Anthony Bourdain’s #MeToo Advice for Alec Baldwin: ‘Just Shut Up’

The ‘Parts Unknown’ host discusses how the heroic women who’ve spoken out against Harvey Weinstein—including his partner, Asia Argento—have changed the way he sees the world.

Photo Illustration by The Daily Beast

Just shut up.” That’s the advice chef-turned-TV host Anthony Bourdain would like to give to Alec Baldwin, who can’t seem to stop weighing in on the #MeToo movement.

The first of Baldwin’s many boneheaded comments on the subject came during an interview late last year with PBS Newshour wherein the 30 Rock star criticized Rose McGowan for settling with her accused rapist, Harvey Weinstein. Asia Argento, an actress and filmmaker who’s also bravely come forward to accuse the powerful movie mogul of sexual assault, took issue with Baldwin’s callous statement, calling him out on Twitter. The quick-tempered Baldwin responded by laying into an alleged rape victim—“If you paint every man w the same brush, you’re gonna run out of paint or men @AsiaArgento”—before blocking her.

So Bourdain, who is Argento’s partner, fired back with an online jab of his own:

The 61-year-old Bourdain speaks tenderly about Argento, whom he met while filming his CNN show Parts Unknown, explaining how being around a woman of her considerable courage and conviction has caused the former bad-boy chef to re-examine his life. He’s since emerged as a shining example of male allyship.

“When someone you care about and respect, you see them struggle to go on the record—the incredible difficulty of going public about something, and the very real peril at the time—it changes you,” Bourdain tells me. “When Asia spoke to Ronan [Farrow], I think she might have been the first to go on record knowing with absolute certainty that she would most likely be sued, destroyed, crushed by this gigantic machine that had for decades been crushing far more powerful people than her who dared speak up. But she did it anyway. So to see that, and to see the blowback in Italy where she’s received no support, has been eye-opening.”

Argento recently addressed the outrageous backlash she’s received in Italy since coming forward at the Women in the World Conference in New York. “There are lots of predators, but the [victims] see me being called a whore, traitor or prostitute for speaking out so they keep quiet,” she told moderator Ronan Farrow, who was recently awarded a Pulitzer for bringing Argento’s and other women’s allegations against Weinstein to light in The New Yorker.

“As importantly,” Bourdain continues, “the other women that started talking to Asia—sometimes in my presence—I started hearing a lot of things and seeing a lot of things that I had been blind to before, and had not heard before. I would love to tell you that I had all along been enlightened, but I was not. It was personal, it was emotional, and it was life-changing. I can only say that I’m honored and grateful to learn and be inspired by these women.”

In late November, shortly after the sexual-assault allegations against Weinstein came to light, Bourdain cooked a meal for three of Weinstein’s accusers—Argento, McGowan, and Annabella Sciorra—memorializing the occasion on social media:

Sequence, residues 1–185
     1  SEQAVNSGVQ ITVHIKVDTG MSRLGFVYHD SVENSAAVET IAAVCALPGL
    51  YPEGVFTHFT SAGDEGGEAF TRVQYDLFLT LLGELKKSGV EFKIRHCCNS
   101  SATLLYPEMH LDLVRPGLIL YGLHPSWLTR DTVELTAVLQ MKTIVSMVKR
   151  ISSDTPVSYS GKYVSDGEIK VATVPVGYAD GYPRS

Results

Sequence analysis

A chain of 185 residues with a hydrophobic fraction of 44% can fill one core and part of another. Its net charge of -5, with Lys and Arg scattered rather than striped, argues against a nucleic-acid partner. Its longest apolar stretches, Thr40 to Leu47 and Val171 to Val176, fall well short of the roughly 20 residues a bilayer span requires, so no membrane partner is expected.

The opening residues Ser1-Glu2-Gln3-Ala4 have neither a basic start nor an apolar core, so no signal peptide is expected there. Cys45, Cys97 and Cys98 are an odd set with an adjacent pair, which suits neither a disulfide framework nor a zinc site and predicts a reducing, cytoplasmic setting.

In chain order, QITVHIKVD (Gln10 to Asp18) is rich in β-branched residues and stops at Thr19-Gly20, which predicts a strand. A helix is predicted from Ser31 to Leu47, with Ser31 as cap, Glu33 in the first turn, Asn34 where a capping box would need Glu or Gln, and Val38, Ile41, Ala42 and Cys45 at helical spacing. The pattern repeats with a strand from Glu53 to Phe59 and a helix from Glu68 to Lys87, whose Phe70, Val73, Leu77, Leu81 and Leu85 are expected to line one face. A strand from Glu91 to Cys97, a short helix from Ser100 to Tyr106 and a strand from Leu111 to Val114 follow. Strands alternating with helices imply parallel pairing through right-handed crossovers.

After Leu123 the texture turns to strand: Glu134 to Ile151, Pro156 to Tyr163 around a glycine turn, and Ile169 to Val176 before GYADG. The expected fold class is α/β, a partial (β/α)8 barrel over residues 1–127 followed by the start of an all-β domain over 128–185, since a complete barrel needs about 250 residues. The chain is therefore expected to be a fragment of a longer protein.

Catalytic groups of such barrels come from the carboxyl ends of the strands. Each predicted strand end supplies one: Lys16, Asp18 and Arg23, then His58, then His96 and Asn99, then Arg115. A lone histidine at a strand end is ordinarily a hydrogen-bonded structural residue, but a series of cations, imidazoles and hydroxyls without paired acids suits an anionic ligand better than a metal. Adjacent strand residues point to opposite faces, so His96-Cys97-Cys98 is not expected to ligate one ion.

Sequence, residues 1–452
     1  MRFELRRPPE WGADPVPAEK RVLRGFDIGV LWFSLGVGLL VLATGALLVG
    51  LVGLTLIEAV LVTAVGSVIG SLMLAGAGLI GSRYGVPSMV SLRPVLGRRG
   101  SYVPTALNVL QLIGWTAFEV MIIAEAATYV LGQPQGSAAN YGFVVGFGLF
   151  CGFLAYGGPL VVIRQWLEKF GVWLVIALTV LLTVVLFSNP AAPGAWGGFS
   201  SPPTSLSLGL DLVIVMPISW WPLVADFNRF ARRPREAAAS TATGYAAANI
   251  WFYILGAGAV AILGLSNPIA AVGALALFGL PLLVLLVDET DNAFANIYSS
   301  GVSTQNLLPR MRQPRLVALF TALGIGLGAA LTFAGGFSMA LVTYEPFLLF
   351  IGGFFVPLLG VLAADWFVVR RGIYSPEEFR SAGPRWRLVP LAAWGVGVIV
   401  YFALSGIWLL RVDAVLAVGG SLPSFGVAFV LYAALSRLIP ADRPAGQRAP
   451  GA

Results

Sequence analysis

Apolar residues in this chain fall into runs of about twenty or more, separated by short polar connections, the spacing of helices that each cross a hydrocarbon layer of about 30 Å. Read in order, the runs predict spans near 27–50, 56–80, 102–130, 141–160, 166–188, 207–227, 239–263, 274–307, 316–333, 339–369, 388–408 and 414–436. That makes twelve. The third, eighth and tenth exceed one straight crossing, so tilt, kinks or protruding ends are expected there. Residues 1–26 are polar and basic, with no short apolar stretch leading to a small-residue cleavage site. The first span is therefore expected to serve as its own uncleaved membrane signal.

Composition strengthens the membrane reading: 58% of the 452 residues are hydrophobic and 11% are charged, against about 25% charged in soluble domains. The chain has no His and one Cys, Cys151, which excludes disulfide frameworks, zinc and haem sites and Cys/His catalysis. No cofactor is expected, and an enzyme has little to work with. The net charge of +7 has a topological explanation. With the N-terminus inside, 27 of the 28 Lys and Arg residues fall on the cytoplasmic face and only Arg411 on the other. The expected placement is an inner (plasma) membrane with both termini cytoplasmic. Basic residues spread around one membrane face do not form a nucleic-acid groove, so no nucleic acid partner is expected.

But Bourdain says he’s been very reluctant to discuss the #MeToo movement because, unlike Baldwin, he does not wish to take attention away from the numerous women who’ve risked their careers in pursuit of justice.

“It’s something I’m very aware of when I hear myself talking about it—it makes me very uneasy,” he says. “These are not my stories, so I feel that every time I’m talking about it I’m taking up space that should be rightfully taken by a woman. It’s a fine line for me. I don’t particularly enjoy talking about it. But if you ask me, I’ll tell ya.”

In addition to Hollywood, the #MeToo movement has had a considerable impact on the male-dominated restaurant industry, where several chefs and restaurants have been embroiled in scandal—none more famous than chef/TV personality/restaurateur Mario Batali, whose “apology” for sexually harassing women included a recipe for cinnamon rolls (really).

“I’ve been out of the industry for a really long time,” says Bourdain, “but I’ll say this: it is not a bad thing that a lot of male chefs are frightened; that a lot of restaurant groups now have to, for reasons of self-interest, take a very hard look at how they’re doing business, how they’re reacting, and their ability to react to complaints of workplace harassment or worse.”

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“I would hope that Mario [Batali] is a cautionary tale,” he adds. “To see an empire that big come crashing down—a figure that respected and that accomplished, to have that status evaporate overnight—I would hope that that sends a clear message that no matter who you are and how beloved you think you are, some shit just ain’t acceptable and you’re not going to get away with it.”

Bourdain’s Parts Unknown returns for its 11th season April 29 on CNN. Stay tuned for a longer feature on the show—and its outstanding premiere episode—on Monday.